[5] The academic literatures from many fields (psychology, sociology, theology, etc.) describe many kinds of human motivations (ideology, beliefs, approval, etc.). This paper adds the following: First, motivation (compelling force or dive) in human affairs can and does arise through the emergence of self-reinforcing behavioral patterns. Second, through such emergent patterns, the normal (in context) behaviors of ordinary people, much like ourselves, can lead to outcomes that fit definitions of evil. Third, the drive to prove one’s competence within the context of such patterns can amplify the scale of such harm. Fourth, the character of such patterns is often hidden and taken for granted. Fifth, a method is presented to expose the character of such patterns. Sixth, the method draws upon the experiences of practitioners. Seventh, all of the above are demonstrated through a compelling real world example.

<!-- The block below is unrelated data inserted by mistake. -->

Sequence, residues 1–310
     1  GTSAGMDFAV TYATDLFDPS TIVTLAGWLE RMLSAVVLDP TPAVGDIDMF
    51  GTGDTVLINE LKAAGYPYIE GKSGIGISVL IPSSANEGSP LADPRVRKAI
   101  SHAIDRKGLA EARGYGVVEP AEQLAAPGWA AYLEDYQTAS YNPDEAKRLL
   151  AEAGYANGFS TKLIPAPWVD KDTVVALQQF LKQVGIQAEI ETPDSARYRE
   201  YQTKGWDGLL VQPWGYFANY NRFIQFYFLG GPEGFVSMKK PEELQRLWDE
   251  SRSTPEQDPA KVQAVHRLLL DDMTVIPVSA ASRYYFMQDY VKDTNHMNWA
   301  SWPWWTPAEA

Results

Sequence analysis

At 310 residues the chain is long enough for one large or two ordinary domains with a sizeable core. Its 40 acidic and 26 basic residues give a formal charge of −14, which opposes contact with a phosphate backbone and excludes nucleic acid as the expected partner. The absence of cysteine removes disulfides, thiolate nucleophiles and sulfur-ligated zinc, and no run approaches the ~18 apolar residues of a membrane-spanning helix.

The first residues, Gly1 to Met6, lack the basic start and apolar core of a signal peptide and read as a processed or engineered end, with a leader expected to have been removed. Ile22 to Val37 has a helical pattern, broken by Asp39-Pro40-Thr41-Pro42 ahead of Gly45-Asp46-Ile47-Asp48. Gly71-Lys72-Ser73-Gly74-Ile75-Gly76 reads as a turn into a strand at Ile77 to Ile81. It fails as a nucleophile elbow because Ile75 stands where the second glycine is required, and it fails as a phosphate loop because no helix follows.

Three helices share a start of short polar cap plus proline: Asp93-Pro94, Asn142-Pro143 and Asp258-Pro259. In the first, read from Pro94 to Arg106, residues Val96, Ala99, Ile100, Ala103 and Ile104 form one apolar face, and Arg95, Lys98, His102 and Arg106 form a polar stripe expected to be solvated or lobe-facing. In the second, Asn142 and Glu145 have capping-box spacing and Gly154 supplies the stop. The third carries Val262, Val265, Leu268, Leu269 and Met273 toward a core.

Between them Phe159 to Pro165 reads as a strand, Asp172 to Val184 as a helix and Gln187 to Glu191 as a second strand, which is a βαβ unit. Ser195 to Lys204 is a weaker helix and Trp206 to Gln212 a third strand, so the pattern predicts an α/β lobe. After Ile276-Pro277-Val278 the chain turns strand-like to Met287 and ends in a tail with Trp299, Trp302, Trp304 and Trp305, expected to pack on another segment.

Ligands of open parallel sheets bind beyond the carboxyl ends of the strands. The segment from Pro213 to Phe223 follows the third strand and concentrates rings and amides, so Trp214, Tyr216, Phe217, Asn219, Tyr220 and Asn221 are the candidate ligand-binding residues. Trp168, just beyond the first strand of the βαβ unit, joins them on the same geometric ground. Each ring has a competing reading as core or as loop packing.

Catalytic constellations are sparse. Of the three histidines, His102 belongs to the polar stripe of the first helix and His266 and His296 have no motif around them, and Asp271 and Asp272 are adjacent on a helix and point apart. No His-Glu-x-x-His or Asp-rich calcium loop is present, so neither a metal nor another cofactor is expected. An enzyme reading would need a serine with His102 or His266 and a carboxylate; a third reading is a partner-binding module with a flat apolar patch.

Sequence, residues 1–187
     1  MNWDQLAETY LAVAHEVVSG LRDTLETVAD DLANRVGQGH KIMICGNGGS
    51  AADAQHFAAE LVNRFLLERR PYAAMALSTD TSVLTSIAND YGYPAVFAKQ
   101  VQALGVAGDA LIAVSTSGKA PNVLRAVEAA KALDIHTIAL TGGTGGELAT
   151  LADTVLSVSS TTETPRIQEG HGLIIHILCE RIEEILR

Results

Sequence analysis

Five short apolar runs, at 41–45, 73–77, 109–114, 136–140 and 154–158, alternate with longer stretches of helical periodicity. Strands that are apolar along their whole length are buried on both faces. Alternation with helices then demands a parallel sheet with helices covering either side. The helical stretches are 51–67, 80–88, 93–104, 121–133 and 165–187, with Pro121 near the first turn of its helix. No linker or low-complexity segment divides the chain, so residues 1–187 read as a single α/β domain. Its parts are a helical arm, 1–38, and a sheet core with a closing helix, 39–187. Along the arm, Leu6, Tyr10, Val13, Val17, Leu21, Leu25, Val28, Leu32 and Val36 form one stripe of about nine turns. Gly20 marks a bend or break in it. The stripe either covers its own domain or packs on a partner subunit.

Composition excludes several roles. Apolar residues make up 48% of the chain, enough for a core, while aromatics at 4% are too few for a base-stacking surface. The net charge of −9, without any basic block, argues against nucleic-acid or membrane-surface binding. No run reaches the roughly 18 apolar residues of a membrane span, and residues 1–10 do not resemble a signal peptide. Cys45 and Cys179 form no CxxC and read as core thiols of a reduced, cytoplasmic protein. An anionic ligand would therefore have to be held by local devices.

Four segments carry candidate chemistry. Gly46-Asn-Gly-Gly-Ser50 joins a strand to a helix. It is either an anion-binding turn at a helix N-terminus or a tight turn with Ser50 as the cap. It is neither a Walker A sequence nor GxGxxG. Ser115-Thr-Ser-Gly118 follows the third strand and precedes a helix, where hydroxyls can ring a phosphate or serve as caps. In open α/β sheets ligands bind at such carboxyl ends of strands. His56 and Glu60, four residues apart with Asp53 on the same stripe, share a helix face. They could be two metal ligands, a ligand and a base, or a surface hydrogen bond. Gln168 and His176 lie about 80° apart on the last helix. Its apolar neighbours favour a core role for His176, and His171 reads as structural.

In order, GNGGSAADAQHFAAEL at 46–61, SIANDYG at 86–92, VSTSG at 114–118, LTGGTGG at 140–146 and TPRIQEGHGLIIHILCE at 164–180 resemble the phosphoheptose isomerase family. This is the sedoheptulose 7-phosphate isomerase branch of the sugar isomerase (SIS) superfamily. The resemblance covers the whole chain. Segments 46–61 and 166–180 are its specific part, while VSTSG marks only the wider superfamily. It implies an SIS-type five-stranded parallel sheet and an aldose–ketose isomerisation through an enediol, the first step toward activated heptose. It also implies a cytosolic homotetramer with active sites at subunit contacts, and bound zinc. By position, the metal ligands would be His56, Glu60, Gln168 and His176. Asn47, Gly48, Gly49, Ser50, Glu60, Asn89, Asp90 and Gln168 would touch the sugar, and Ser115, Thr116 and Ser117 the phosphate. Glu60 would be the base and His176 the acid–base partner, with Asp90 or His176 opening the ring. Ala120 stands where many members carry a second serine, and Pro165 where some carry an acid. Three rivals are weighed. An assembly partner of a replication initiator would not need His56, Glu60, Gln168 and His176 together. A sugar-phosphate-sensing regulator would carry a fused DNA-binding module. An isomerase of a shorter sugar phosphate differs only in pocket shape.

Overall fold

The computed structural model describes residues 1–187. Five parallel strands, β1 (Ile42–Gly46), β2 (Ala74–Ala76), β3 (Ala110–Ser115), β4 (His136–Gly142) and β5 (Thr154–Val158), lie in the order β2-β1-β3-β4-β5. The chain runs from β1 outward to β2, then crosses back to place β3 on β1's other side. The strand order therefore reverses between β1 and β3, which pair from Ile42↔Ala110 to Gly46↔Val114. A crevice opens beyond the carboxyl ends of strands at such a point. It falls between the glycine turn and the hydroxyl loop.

[6] The writings of the late Wilfred Cantwell Smith explore the meaning of faith through the ages. Drawing upon many traditions, ancient and modern (including secular, Christian, and Islamic), Smith makes a profound and convincing case that “faith has not and is not belief.” In Smith’s words, “Faith is the human orientation to transcendence” (1977: 84). But, Smith shows we moderns live in a “non-transcendence-oriented culture (the first such in human history).” This paper seeks to show that great harm—yes, even evil—can emerge when a “non-transcendence” notion of responsibility is acted out.

[7] Smith is certainly not alone in his claim that faith is not belief. Paul Tillich, one of the leading Christian theologians of the twentieth century, wrote, “It is a disastrous distortion of the meaning of faith to identify it with the belief in the historical validity of the Biblical stories” (Tillich, 1957: 87). “Faith is the state of being ultimately concerned” (Tillich, 1957: 1). Abraham Heschel, a leading Jewish theologian, wrote, “Faith is not the same as belief, not the same as the attitude of regarding something as true,” (Heschel, 1978: 154).